As more women with vertically acquired HIV in the UK reach reproductive age, their experiences and outcomes of pregnancy and birth continue to improve. Access to treatment, CD4 count and rates of undetectable viral loads during pregnancy have all increased. However, there are still knowledge gaps about their outcomes in pregnancy.
There are around 900 pregnancies a year in the UK to women living with HIV and vertical transmission rates have been below 0.4% since 2012. Data from the Integrated Screening Outcomes Surveillance Service (ISOSS) was presented by Helen Peters at the International Congress on Drug Therapy in HIV Infection (HIV Glasgow) last week.
All pregnancies in the UK to women living with HIV, aged over 16, are part of a national screening programme. Long term follow-up data on children living with HIV in the UK is also gathered. Over the past 30 years, the data collected by both maternity and paediatric reporting systems has provided a unique dataset which links women who grew up with HIV in the UK to pregnancy reports.
The team assessed the characteristics and outcomes of pregnancies between 2006 and 2021 in women who grew up with HIV. These were compared with pregnancies of women with HIV that were probably acquired through heterosexual sex.
There were 17,478 pregnancies to women living with HIV, including 202 pregnancies in 131 women who grew up with HIV. Of these pregnancies, there were 170 livebirths, 10 miscarriages, 18 terminations and 4 stillbirths. Terminations in the group are higher than expected.
Over the 15-year period, pregnancies of women who grew up with HIV increased ten-fold from 0.3% to 3.5%. Of the 131 women, 81 had one pregnancy, 34 had two and the other 16 had three or more.
On average women growing up with HIV were diagnosed at age six. A total of 22 women were diagnosed in their first year of life. There were 23 women (18%) who had a history of AIDS-defining illness, half of whom had an AIDS-defining illness at the time of diagnosis.
Sixty-two per cent of the women were diagnosed in the UK. Over a third of the pregnant women who grew up with HIV were born in the UK (37%), while women who acquired HIV later in life were much less likely to be born in the UK (15%).
On average, women who grew up with HIV gave birth at age 24, in comparison with women who acquired HIV later in life who gave birth at age 33. One quarter of the pregnant women who grew up with HIV were under the age of 20, which coincides with a time where they are likely to be navigating the impact of a transition from paediatric to adult care. More work is needed to understand their vulnerabilities at this stage.
There were some key differences in relation to treatment outcomes. For example, 81% of women who grew up with HIV were accessing HIV treatment at the time of conception, in comparison with 56% of women who had acquired HIV later in life. This improved significantly over time. However, those on treatment were less likely to have an undetectable viral load if they grew up with HIV (79%) than if they acquired HIV later in life (84%). This also improved over the years.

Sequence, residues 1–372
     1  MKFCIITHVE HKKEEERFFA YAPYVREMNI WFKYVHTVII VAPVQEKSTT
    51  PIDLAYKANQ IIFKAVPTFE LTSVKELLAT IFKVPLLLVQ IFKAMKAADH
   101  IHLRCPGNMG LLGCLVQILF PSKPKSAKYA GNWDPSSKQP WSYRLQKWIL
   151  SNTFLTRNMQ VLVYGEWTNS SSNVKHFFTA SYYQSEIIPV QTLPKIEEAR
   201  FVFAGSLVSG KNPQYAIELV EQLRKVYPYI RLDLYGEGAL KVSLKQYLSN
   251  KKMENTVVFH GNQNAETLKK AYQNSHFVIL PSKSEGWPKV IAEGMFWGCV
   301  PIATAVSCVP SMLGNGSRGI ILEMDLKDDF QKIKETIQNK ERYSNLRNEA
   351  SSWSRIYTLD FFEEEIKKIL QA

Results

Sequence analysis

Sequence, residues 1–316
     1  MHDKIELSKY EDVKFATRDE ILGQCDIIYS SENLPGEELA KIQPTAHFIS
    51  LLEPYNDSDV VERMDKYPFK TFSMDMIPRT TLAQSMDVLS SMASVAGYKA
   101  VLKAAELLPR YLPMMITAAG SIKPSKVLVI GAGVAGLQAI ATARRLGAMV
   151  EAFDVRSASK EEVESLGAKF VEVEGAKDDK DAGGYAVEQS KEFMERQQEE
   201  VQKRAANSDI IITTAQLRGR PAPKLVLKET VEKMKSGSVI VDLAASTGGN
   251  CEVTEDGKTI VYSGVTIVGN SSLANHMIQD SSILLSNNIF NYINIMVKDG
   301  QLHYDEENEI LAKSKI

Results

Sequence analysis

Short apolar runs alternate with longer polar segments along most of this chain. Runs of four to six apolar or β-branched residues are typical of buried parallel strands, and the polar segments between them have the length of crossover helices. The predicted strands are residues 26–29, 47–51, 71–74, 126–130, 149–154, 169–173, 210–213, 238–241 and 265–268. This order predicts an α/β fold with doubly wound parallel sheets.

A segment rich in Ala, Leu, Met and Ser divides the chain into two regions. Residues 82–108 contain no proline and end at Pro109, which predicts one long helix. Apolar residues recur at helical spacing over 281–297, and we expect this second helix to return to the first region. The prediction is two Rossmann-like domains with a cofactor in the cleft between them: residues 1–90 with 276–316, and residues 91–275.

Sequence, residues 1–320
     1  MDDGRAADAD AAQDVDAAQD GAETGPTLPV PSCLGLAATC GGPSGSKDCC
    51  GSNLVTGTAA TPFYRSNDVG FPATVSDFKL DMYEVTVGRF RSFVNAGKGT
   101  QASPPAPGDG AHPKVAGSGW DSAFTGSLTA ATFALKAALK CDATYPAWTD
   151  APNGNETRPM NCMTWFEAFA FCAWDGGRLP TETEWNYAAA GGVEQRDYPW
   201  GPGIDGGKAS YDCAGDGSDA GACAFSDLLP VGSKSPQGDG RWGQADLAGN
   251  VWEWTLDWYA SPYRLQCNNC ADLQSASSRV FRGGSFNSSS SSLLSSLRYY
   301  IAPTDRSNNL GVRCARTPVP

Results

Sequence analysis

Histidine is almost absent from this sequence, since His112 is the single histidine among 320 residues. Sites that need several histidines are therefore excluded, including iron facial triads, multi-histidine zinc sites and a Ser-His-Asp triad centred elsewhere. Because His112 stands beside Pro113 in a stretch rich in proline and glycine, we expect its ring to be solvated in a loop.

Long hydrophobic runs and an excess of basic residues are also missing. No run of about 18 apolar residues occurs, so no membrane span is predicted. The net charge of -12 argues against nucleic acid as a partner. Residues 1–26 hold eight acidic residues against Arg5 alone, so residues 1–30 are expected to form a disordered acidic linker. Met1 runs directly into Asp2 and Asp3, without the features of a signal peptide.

Outcomes in both groups were relatively similar, but there was an increased risk of preterm births and low birth weight babies in women who grew up with HIV. In both groups, over 80% of women gave birth after 37 weeks. However, in the cohort of women who grew up with HIV, births before 34 weeks occurred at a rate of 13%, in comparison with just 6% in women who acquired HIV later in life.
Weight data show that women who grew up with HIV were almost twice as likely to have a baby under 1.5kg (5% vs 3%). They are also at increased risk of having a baby weighing between 1.5kg and 2.5kg (20% vs 11%). Overall, 76% of the babies were over 2.5kg at birth, in comparison to 86% of babies born to women who acquire HIV later in life. There was no multivariable analysis on this data, so more work is needed to understand if preterm births and lower birth weight are linked to an increased risk of a detectable viral load at birth.
In both groups, around 40% of women had vaginal births and around 35% of births were elective caesareans. Emergency caesareans occurred in just below 30% of cases.
Of the 150 babies born to women growing up with HIV with complete follow-up, one was diagnosed HIV positive.
The population of women who grew up with HIV in the UK is increasing and there should be a continued focus on this cohort as it grows. Specific areas of interest which the team want to explore are sequential pregnancies and the longer-term outcomes of children.
A key factor in all the changes in outcomes is that confidence has increased, particularly in the context of U=U. Women who have grown up with HIV are also able to make more active choices about their wishes during pregnancy, delivery and post-partum period. For example, they can be supported to have a vaginal delivery and breastfeed.
Peters H et al. Increasing numbers of pregnancies to women with vertically-acquired HIV in the UK: 2006 to 2021. International Congress on Drug Therapy in HIV Infection (HIV Glasgow), abstract P01, 2022.